Upper Collie water allocation plan
Plan release information
The plan includes allocation limits, which define how much water is available in the upper Collie plan area. It describes how the Department of Water will allocate and manage water resources and will monitor, measure and evaluate the objectives of the plan.
We regularly evaluate whether the plan’s objectives are being met. The first evaluation, which includes updates to policy in the plan, is now available:
As a results of our changing climate the department has reviewed the allocation limit from Wellington Reservoir. The revised allocation limit from the Wellington Reservoir is 68 gigalitres per year to response to lower rainfall and inflow. Further information on the decision to amend the allocation limit is provided in the Wellington Reservoir Allocation Statement and Wellington Reservoir Modelling: Re-evaluating the yield under climate change.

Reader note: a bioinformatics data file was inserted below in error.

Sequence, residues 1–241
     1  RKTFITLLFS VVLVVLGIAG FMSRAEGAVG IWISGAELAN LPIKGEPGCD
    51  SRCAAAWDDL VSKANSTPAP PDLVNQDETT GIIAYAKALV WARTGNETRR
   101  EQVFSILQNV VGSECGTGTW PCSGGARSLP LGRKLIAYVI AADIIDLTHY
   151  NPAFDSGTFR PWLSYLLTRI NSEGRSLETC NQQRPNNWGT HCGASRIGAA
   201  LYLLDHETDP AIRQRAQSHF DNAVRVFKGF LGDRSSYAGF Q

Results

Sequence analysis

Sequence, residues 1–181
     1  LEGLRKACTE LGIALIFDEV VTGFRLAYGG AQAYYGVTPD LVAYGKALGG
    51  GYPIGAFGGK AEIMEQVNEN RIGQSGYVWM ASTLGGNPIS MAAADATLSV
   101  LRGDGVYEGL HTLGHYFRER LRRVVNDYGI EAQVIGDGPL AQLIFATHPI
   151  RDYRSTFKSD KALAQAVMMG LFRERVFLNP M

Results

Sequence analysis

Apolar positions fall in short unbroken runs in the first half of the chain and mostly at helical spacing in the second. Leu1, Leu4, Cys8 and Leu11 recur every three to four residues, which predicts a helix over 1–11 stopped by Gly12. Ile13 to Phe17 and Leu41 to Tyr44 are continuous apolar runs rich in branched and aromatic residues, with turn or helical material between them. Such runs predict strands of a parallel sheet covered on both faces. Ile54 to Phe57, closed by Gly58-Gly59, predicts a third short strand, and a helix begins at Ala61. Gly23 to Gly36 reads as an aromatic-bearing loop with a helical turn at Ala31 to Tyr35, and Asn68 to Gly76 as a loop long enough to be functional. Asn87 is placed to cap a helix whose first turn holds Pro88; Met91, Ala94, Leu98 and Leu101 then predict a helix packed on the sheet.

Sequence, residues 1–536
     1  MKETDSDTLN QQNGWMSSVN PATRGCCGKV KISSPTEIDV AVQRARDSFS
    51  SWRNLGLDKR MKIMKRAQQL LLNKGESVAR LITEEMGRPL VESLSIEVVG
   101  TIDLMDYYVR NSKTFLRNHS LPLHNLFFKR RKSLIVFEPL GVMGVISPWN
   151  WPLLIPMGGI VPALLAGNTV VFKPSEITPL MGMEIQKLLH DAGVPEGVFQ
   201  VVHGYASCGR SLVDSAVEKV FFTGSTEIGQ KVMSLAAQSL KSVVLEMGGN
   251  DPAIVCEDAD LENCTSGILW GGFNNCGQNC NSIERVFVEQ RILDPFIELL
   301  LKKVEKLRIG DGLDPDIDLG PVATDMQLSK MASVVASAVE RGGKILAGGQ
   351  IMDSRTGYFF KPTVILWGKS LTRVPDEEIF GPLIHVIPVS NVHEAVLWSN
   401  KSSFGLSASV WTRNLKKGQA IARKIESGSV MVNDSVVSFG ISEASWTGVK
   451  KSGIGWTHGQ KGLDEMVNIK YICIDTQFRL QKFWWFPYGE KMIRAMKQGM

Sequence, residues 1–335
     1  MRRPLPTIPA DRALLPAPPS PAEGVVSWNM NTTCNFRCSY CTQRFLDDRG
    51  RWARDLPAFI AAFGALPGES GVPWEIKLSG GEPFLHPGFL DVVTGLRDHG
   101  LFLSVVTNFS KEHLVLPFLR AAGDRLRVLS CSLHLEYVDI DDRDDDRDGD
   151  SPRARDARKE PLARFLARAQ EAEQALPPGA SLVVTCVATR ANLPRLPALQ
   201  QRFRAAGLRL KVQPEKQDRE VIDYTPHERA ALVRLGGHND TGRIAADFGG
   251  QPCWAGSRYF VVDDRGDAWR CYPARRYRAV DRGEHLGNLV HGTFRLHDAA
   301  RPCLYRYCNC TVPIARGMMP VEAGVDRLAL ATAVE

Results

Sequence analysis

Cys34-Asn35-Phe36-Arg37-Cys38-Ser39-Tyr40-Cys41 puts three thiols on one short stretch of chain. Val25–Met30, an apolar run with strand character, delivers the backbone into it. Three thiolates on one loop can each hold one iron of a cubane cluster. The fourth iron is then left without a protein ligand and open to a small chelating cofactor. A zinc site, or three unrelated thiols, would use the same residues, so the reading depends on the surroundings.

Water allocation planning in the Upper Collie
The plan provides clear and consistent direction to current and future water users and addresses allocation issues. Careful, long-term planning is needed to ensure that the needs of the community and the environment are protected while ensuring secure water supplies.
The Upper Collie catchment is about 200 kilometres south of Perth.
The plan area is within the Collie River Irrigation District and covers the Collie groundwater area. It extends from the upper reaches of the Collie River catchment and ends at the Wellington Dam wall.
The Collie River runs through the plan area and is fed from its major tributaries – the Harris River, Bingham River, Collie River East Branch and the Collie River South Branch. The Wellington Reservoir on the Collie River is the largest reservoir in the South West. Water in the Wellington Reservoir is of marginal quality and the department is working to restore it to fresh water quality.
The major groundwater system in Collie is the Collie Coal Basin. This is made up of the Premier and Cardiff sub-basins. Coal is mined from the Collie Coal Basin through open-cut mining, which results in the need to dewater, which uses large volumes of groundwater. There is a high demand for surplus mine dewater because third parties, such as the local power industry can use it for cooling purposes.
Upper Collie water allocation plan area